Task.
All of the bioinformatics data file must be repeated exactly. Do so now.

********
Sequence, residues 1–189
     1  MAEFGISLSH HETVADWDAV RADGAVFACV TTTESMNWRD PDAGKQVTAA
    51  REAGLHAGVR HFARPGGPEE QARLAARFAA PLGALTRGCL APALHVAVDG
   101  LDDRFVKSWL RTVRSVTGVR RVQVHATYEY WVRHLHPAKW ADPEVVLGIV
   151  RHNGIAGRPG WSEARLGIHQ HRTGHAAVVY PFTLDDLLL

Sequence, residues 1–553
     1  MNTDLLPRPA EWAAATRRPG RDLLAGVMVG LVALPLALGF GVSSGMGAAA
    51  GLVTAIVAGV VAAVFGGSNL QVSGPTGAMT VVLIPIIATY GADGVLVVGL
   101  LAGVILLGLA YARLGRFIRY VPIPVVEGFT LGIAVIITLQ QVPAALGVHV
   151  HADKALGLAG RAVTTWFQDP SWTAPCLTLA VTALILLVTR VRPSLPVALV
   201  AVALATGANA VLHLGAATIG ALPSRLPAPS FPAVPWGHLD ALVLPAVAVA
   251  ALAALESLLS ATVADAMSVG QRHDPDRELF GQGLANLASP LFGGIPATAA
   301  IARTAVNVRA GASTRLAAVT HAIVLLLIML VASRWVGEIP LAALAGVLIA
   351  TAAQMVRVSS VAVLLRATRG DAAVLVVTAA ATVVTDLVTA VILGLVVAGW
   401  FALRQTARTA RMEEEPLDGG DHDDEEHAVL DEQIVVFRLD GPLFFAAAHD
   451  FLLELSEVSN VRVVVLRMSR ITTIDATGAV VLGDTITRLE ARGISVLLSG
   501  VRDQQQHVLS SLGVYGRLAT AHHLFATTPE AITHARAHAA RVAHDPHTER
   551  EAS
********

Sequence, residues 1–189
     1  MAEFGISLSH HETVADWDAV RADGAVFACV TTTESMNWRD PDAGKQVTAA
    51  REAGLHAGVR HFARPGGPEE QARLAARFAA PLGALTRGCL APALHVAVDG
   101  LDDRFVKSWL RTVRSVTGVR RVQVHATYEY WVRHLHPAKW ADPEVVLGIV
   151  RHNGIAGRPG WSEARLGIHQ HRTGHAAVVY PFTLDDLLL

Sequence, residues 1–553
     1  MNTDLLPRPA EWAAATRRPG RDLLAGVMVG LVALPLALGF GVSSGMGAAA
    51  GLVTAIVAGV VAAVFGGSNL QVSGPTGAMT VVLIPIIATY GADGVLVVGL
   101  LAGVILLGLA YARLGRFIRY VPIPVVEGFT LGIAVIITLQ QVPAALGVHV
   151  HADKALGLAG RAVTTWFQDP SWTAPCLTLA VTALILLVTR VRPSLPVALV
   201  AVALATGANA VLHLGAATIG ALPSRLPAPS FPAVPWGHLD ALVLPAVAVA
   251  ALAALESLLS ATVADAMSVG QRHDPDRELF GQGLANLASP LFGGIPATAA
   301  IARTAVNVRA GASTRLAAVT HAIVLLLIML VASRWVGEIP LAALAGVLIA
   351  TAAQMVRVSS VAVLLRATRG DAAVLVVTAA ATVVTDLVTA VILGLVVAGW
   401  FALRQTARTA RMEEEPLDGG DHDDEEHAVL DEQIVVFRLD GPLFFAAAHD
   451  FLLELSEVSN VRVVVLRMSR ITTIDATGAV VLGDTITRLE ARGISVLLSG
   501  VRDQQQHVLS SLGVYGRLAT AHHLFATTPE AITHARAHAA RVAHDPHTER
   551  EAS